Presentation Title: Summertime Hydrodynamics and Sediment Dynamics in Missisquoi Bay, Lake Champlain

Section: Changing Environments IV

Location: , 220

Date & Time: Friday, April 19, 2013 - 4:10pm - 4:25pm


The relationship between circulation currents, suspended sediment concentration, and sedimentation rates were investigated as part of a larger 5-year project studying the causes of eutrophication in Missisquoi Bay, a shallow bay (4 m) in Lake Champlain. Two months of currents, wind forcing, and water level variations at five sites were examined to understand sediment resuspension and deposition. North-south and east-west centimeter-scale diurnal oscillations of lake level were observed and were not linked to the calculated ~30 minute surface seiche. Currents obtained from Acoustic Doppler Current Profilers (ADCPs) indicate that after consistent wind forcing, both cyclonic and anticyclonic circulation patterns were established. Unique to this very shallow bay was the degree of directional shear as high as 180 degrees. Sediment properties, magnetic susceptibility measurements, and sedimentation rates indicate that sediment accumulation rates are not constant throughout the bay. Implications of these results will provide insight into how phosphorus and nitrogen are being moved throughout the bay.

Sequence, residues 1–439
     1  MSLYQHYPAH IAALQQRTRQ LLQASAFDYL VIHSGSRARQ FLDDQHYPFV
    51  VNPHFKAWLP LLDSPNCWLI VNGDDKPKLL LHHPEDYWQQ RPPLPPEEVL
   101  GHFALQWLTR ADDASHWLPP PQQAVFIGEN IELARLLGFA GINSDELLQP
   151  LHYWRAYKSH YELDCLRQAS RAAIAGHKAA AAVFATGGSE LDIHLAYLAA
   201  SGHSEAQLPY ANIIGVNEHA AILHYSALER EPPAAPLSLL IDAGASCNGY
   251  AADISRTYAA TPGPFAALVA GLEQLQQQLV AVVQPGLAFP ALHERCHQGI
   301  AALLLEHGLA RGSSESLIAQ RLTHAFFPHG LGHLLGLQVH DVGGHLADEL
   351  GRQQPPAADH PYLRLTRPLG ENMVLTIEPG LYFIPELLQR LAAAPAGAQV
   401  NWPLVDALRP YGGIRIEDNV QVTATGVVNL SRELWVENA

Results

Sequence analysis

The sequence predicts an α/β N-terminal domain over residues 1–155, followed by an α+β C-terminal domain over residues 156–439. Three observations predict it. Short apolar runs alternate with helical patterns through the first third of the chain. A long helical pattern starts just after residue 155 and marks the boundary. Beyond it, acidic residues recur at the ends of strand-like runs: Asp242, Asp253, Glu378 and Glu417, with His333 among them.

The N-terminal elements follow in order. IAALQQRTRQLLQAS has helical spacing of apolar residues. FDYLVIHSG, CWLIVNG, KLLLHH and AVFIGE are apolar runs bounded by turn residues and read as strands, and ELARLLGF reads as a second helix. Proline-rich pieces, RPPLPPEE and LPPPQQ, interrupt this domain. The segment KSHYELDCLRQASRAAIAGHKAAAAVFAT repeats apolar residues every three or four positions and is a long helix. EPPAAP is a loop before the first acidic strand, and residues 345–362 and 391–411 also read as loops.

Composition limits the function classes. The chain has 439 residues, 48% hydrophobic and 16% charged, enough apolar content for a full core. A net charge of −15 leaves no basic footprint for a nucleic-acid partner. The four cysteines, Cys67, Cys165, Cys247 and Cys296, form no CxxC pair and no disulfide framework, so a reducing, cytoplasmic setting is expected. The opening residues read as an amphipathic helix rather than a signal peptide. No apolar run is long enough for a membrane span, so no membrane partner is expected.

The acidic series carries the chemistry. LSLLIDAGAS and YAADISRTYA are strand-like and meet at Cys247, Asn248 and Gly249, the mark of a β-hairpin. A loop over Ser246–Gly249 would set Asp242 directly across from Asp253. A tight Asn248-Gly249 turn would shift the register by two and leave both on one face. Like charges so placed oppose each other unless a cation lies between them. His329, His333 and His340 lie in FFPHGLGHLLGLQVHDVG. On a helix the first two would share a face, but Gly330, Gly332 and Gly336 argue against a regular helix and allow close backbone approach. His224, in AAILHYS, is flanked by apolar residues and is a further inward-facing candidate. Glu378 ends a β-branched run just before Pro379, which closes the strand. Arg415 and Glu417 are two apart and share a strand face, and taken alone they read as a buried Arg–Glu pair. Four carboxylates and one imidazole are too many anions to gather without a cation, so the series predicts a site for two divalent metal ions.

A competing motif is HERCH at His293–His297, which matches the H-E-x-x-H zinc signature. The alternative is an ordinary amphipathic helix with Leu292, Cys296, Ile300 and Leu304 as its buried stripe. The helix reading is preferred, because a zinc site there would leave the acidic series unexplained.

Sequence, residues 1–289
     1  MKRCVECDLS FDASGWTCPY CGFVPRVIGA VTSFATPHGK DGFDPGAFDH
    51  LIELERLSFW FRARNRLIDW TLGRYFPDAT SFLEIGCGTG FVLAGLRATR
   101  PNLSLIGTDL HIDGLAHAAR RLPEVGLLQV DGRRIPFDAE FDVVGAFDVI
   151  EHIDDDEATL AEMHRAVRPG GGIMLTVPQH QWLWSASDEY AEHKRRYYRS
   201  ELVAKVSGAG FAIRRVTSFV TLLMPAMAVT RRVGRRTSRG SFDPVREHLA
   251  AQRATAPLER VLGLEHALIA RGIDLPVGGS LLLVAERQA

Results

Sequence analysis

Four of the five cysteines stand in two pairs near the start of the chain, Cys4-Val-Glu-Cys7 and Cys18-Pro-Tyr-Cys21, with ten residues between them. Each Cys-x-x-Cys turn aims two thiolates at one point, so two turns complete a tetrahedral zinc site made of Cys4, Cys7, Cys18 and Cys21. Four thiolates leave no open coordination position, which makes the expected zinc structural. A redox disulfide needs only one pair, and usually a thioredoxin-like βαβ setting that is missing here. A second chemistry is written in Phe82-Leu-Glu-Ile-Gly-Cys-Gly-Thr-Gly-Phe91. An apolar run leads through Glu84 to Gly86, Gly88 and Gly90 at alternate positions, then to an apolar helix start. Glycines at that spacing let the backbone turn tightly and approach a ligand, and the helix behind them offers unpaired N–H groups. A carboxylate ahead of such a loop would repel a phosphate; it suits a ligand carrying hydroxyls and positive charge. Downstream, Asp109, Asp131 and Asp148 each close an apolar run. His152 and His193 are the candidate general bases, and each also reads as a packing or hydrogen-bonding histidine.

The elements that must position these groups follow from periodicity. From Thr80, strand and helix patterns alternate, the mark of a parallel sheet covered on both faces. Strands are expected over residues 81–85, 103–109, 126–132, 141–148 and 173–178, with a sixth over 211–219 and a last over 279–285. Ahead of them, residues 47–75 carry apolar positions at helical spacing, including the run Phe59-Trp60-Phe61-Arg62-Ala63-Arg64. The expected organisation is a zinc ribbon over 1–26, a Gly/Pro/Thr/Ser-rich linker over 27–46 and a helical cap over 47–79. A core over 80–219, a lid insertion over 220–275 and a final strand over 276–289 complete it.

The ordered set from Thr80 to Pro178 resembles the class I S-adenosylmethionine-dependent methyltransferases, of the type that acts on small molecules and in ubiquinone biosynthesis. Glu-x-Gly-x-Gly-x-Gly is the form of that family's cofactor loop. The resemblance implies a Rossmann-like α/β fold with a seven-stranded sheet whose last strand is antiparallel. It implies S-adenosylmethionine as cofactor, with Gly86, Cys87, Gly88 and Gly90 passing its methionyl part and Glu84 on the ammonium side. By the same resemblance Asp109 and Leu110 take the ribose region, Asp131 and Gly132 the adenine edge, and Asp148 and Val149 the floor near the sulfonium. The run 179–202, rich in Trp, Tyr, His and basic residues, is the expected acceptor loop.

Type of Presentation: Individual oral

Oral presenters
Presentation Area: Geology

Presentation Topic: Environment

Arts presenters

Class Project
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Presenter Information
Presenter(s): Wei, Emily Ann-Yi
Major(s): Geology
Class Year(s): 2013

Sponsor(s): Manley, Tom, Manley, Pat
Dept(s): Geology

Moderator: ,